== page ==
Tag Archives: Biface

Quartzite Handaxe from La Gravette, Grenade, Haute-Garonne

This unifacial Quartzite Handaxe comes from the Haute-Garonne, North of Toulouse. It was Jean-Baptiste Noulet (1802 – 1890), a French scientist and naturalist, who first described the Paleolithic implements of the Garonne and its tributaries. In 1851, at Clermont-le-Fort, he … Continue reading

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Early Paleolithic in the Center of France

Fig. 1 shows a Handaxe from the center of France are often made from large flint slabs from the Upper Turonian  as is the case throughout the Seuil, Poitou and south Touraine region. Anyhow, there are exceptions: in the Loire valley … Continue reading

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The forgotten Paleolithic heritage of Tunisia

  This post displays several chert MSA tools from different surface scatters from the Gafsa area (Literary Arabic: قفصة Qafṣah ; Tunisian Arabic: ‎ [ˈqɑfsˤɑ] Qafṣa , southern accent: [ˈɡɑfsˤɑ] Gafṣa ), originally called Capsa in Latin, which is the capital of Gafsa Governorate … Continue reading

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Bout-coupé Handaxes and Neanderthals in N/W-France and Britain

Britain during MIS3 was well-stocked but treeless grassland, with short, cool summers and long, cold winters marked by blasting winds, frozen ground and persistent snow. This is what Neanderthals apparently faced as they headed northwest from their more southerly glacial … Continue reading

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For a long Chronology of the South European Mode II Industries

Stone tools have distinctive morphologies that reflect the cognitive abilities and the development of technological skills during the Pleistocene. In Africa, LCTs made from large flakes and handaxes from large flakes and pebbles and chunks became part of Palaeolithic technology … Continue reading

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Kervouster: a large Mousterian Site in the Bretagne

  These are three typical bifaces from the Mousterian site at Kervouster (maximal length: 4,5 cm). There are two main stations in Brittany, assigned to an “MTA” made of fine grained Quartzite.  Since their discovery during the 19th century they … Continue reading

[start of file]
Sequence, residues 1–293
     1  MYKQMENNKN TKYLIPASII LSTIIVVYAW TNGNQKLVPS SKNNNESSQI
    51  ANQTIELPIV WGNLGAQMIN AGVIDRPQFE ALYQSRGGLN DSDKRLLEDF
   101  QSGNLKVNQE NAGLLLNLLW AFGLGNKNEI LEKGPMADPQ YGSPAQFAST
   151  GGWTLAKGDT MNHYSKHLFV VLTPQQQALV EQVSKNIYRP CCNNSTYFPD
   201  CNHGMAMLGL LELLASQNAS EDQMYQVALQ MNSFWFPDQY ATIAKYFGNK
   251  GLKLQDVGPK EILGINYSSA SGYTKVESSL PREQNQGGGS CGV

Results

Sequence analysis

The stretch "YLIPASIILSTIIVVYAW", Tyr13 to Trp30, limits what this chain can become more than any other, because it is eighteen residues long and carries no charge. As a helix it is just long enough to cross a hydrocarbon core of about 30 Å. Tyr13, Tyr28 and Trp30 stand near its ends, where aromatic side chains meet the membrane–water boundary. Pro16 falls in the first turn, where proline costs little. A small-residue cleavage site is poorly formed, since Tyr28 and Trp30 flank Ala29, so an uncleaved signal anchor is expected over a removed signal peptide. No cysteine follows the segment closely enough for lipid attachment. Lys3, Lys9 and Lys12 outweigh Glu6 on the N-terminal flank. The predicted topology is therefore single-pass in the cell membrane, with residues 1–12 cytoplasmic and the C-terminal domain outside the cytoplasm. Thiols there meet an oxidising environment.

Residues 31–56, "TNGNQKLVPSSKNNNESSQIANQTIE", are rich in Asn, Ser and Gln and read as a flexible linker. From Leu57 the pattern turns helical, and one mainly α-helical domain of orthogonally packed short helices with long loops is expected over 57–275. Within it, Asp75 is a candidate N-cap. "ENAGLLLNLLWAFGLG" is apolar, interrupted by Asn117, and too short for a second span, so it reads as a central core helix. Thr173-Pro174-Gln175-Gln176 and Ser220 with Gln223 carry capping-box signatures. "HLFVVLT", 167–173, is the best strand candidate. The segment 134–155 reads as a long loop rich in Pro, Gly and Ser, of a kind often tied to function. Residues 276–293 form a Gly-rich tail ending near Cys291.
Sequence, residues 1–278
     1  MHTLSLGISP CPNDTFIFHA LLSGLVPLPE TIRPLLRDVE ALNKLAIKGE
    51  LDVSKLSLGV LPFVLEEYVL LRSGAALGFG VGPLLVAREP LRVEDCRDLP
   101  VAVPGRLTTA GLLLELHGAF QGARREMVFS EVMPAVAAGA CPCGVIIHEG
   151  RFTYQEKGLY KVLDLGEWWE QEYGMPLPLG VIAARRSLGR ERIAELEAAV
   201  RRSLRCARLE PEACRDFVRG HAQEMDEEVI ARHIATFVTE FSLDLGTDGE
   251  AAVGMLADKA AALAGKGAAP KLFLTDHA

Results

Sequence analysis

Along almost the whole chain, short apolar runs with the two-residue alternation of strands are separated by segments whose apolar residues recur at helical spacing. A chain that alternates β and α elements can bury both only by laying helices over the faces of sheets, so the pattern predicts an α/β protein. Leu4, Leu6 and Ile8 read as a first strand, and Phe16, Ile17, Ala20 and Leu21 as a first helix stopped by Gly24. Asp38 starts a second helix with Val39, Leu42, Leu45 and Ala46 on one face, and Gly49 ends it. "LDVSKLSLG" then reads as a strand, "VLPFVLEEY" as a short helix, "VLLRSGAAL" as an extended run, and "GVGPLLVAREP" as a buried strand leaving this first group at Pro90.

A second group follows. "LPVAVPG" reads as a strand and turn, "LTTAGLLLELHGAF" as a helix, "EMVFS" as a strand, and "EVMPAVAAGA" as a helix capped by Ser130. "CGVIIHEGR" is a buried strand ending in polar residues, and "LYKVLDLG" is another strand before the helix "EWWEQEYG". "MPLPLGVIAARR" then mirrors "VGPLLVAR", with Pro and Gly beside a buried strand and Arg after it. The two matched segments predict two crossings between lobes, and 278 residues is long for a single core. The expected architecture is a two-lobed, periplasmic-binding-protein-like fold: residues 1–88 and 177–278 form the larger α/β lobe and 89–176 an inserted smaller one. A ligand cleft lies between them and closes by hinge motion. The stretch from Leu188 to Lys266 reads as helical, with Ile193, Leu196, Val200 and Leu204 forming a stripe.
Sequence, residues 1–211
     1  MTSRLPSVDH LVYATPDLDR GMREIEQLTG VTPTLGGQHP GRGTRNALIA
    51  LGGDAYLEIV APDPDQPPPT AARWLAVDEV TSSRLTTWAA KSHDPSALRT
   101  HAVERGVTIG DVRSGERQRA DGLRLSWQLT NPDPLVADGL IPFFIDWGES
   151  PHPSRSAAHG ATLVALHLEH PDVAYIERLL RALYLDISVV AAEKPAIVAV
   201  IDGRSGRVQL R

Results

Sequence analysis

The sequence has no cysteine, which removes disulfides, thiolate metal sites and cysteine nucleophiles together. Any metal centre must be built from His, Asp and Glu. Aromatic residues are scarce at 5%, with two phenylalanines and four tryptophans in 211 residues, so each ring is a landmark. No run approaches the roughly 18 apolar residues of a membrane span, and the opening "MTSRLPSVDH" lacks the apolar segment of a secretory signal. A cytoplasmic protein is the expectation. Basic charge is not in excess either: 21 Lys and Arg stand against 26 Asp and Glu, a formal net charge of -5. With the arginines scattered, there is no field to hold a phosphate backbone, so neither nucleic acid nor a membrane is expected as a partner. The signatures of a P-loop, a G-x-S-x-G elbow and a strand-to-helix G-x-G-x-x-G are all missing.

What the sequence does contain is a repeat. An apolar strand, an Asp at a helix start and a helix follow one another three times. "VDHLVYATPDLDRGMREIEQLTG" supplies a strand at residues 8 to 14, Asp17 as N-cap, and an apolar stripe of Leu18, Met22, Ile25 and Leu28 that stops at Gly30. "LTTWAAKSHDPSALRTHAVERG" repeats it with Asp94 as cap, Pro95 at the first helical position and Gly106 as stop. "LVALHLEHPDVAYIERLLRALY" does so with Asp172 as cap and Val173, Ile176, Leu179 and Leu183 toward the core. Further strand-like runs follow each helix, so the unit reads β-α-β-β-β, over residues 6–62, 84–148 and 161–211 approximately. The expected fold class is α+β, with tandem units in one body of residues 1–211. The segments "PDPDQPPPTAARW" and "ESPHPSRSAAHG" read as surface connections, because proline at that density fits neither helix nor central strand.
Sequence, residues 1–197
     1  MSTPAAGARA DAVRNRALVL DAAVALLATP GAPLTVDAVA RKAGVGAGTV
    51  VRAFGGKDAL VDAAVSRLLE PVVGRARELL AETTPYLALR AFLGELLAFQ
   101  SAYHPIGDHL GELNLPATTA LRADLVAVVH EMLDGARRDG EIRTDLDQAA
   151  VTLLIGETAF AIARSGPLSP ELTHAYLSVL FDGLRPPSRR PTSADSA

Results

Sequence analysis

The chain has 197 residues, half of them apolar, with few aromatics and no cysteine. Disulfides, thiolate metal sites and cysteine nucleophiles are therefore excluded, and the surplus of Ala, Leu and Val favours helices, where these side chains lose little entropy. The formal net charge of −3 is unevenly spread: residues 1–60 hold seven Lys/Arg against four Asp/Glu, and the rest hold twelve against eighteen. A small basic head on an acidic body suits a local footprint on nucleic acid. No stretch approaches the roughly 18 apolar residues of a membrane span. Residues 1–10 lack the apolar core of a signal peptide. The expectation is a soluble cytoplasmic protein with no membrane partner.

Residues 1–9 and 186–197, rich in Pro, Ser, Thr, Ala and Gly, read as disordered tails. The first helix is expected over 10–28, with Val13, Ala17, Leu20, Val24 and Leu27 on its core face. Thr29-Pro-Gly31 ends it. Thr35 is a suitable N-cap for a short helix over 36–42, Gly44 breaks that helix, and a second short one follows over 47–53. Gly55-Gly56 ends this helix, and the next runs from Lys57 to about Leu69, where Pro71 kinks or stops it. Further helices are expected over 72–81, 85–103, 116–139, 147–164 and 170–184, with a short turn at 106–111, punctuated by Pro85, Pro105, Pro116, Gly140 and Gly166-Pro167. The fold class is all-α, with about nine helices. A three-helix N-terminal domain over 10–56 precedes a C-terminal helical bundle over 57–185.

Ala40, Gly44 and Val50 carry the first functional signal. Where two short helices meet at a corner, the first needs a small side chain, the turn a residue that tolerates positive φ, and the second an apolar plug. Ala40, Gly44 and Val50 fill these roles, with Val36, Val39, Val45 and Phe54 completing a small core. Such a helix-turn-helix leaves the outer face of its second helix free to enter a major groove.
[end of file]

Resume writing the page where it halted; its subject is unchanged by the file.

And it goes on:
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Synchronisation of Handaxe shapes on a global scale?

This is a “Biface de type micoquien” typologically in transition to a  “Biface lageniforme” according to Bordes` typology,  made by a typical trifacial concept of  façonnage, found during the early 20th century in the important Briqueterie d’Allonne (Oise) in Northern France (http://www.aggsbach.de/2013/06/before-combe-grenal-the-early-scientific-work-of-f-bordes-and-the-allonne-brickyards/). Micoquian Handaxes can be symmetric or slightly … Continue reading

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Twisted Obsidian Handaxe from Melka Kunture (Gombore II)

This is a twisted handaxe made of Obsidian from the 800 k.a. old, early middle Pleistocene,  Gombore II site. The handaxe shown here is heavily patinated, but the non hydrated raw material is clearly exposed by small chips at the edges. Twisted … Continue reading

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Handaxe from Le Bois-l’Abbé at Saint-Julien de la Liègue: Is the “Moustérien à petits bifaces dominants” an Archaeological Reality?

This is a small Handaxe (Fig.1; 6,5 x  5,2 x 1,5 cm) from Le Bois-l’Abbé at Saint-Julien de la Liègue a commune in the Eure department in Haute-Normandie in northern France. Four find spots of Paleolithic artifacts are known from … Continue reading

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Falling out of Time: “Anachronistic Tools”

This is a flat and still sharp Handaxe (10 cm long), made of local flint and found in intact early Gravettian deposits at the Abri Pataud during the early 20th century together with “Perigordian IV / V “ Upper Paleolithic … Continue reading

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